Lagos marks 10th anniversary of chibok kidnapping

Lagos marks 10th anniversary of chibok kidnapping

Lagos marks 10th anniversary: The terrible night that darkness fell upon the Nigerian town of Chibok has been ten years ago.

Nearly 300 students, who were studying for science examinations, were taken on April 14, 2014, when Islamic militants stormed the Government students Secondary School in Chibok, Borno state.

On Sunday, campaigners and affected individuals converged in Lagos to mark the tenth anniversary of the abduction. They continued to call for the release of the almost one hundred girls who are still in captivity.

The kidnapping of the Chibok girls was Nigeria’s first high-profile case of school abduction.

Those who have survived traumatic events, such as Grace Dauda and Rebecca Mallum, are now sharing their tales to inspire others. Dauda describes the difficulties of recuperation after spending three years in captivity and needing numerous surgeries to repair wounds. After enduring four surgeries, she took advantage of the chance to study in the United States, finding comfort in her education against the odds.

Armed organizations in the mineral-rich but weakly policed northwest region have increasingly seen over 1,500 students as a lucrative means to fund other criminal activities and impose influence over villages. Since then, the number of abductions has risen.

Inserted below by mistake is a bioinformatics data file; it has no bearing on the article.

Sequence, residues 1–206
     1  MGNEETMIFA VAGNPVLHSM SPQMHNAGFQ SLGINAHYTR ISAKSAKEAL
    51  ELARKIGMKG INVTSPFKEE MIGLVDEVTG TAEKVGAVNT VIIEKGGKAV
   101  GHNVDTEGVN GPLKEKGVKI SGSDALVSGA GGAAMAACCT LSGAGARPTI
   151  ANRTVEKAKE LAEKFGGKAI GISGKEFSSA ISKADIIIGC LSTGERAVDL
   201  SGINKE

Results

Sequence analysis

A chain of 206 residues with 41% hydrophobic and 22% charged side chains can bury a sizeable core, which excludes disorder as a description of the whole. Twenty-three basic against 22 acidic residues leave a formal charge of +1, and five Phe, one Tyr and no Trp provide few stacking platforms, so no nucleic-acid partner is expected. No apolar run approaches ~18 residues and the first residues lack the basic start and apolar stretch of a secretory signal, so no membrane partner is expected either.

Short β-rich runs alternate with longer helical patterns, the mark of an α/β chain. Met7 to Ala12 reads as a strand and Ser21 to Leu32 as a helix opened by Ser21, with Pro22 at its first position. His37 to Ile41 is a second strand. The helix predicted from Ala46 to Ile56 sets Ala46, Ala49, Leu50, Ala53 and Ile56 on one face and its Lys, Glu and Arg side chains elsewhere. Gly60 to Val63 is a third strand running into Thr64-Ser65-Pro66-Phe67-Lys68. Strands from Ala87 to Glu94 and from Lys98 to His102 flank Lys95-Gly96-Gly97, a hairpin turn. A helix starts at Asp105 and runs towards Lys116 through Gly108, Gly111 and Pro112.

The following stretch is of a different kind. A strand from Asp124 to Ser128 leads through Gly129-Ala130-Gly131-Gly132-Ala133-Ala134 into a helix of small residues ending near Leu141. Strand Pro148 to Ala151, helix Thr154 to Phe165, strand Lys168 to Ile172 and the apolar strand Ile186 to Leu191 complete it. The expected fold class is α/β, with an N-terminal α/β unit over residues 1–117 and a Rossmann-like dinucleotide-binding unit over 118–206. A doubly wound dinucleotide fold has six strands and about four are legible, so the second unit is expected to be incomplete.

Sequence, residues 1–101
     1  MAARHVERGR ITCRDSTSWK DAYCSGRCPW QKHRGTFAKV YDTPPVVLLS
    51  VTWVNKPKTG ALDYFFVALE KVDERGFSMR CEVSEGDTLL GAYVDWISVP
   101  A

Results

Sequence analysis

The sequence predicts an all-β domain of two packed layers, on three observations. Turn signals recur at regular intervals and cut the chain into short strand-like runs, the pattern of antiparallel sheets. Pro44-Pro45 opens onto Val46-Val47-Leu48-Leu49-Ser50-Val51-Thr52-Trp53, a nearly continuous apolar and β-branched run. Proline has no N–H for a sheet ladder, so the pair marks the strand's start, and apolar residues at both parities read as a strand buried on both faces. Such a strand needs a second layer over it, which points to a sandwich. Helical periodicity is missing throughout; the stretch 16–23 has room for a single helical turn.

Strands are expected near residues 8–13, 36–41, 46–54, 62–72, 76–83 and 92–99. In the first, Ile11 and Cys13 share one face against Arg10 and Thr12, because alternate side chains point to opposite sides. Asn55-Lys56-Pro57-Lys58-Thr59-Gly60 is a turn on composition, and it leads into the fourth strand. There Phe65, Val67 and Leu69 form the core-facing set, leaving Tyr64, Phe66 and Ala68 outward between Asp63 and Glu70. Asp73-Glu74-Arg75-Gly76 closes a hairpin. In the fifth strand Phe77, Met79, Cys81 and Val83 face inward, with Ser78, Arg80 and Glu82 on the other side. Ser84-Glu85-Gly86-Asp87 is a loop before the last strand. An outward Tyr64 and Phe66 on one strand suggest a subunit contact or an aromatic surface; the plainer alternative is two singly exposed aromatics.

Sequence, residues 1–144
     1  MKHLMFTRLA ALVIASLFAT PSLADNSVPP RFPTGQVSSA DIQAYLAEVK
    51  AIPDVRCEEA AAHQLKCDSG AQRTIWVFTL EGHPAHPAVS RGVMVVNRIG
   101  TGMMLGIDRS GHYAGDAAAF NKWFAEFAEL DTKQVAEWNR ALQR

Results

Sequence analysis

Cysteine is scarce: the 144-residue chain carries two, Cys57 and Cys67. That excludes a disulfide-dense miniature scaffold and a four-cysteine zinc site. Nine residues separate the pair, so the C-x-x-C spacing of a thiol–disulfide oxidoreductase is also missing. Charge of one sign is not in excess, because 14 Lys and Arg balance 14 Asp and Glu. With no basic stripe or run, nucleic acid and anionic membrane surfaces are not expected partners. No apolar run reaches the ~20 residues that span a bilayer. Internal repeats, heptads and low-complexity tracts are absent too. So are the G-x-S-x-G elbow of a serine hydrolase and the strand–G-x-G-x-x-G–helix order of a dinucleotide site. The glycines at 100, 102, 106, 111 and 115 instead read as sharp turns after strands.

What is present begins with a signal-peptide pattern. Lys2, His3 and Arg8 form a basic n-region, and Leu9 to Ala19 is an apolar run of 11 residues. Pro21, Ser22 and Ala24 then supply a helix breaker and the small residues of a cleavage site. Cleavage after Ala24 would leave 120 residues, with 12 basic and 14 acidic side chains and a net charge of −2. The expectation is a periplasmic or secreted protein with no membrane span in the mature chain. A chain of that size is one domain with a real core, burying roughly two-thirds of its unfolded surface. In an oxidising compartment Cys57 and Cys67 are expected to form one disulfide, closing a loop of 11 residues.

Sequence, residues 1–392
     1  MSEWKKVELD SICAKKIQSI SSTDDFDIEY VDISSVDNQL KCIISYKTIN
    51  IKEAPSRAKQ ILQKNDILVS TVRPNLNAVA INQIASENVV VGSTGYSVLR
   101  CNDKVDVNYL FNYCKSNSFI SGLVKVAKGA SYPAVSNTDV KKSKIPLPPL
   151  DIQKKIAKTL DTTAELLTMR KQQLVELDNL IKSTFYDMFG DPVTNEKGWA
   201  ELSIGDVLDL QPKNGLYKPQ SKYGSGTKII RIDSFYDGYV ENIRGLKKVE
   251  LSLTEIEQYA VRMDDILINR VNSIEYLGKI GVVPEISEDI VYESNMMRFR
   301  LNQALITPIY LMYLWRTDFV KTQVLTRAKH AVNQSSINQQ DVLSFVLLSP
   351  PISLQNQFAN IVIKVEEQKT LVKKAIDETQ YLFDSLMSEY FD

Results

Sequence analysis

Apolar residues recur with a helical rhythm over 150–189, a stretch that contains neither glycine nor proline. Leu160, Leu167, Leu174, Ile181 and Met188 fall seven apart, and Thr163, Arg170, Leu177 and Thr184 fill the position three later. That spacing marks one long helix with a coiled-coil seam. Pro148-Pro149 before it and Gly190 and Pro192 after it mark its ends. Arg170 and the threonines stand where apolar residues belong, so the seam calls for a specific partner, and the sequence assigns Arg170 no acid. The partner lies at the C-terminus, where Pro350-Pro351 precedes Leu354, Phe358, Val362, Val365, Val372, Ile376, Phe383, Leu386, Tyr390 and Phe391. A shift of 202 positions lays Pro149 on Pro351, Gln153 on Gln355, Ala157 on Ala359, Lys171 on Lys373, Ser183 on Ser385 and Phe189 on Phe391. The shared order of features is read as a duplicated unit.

The criminal groups attacking villages in northwestern Nigeria are mainly former herdsmen in confrontation with farming host communities, according to officials. This is in contrast to the Islamic fanatics who were responsible for the Chibok kidnapping. Armed with weapons smuggled across Nigeria’s porous borders, they operate without a centralized command structure and attack mainly for economic reasons.

According to some experts, the worsening security situation in Nigeria is reflected in the rising number of school kidnappings.

Recent research by the UN children’s agency’s Nigeria office shows that many schools still have the same security issues that contributed to the Chibok kidnappings a decade ago. Out of more than 6,000 schools examined, 43% did not have security guards or perimeter fencing, two of the most basic safety requirements.


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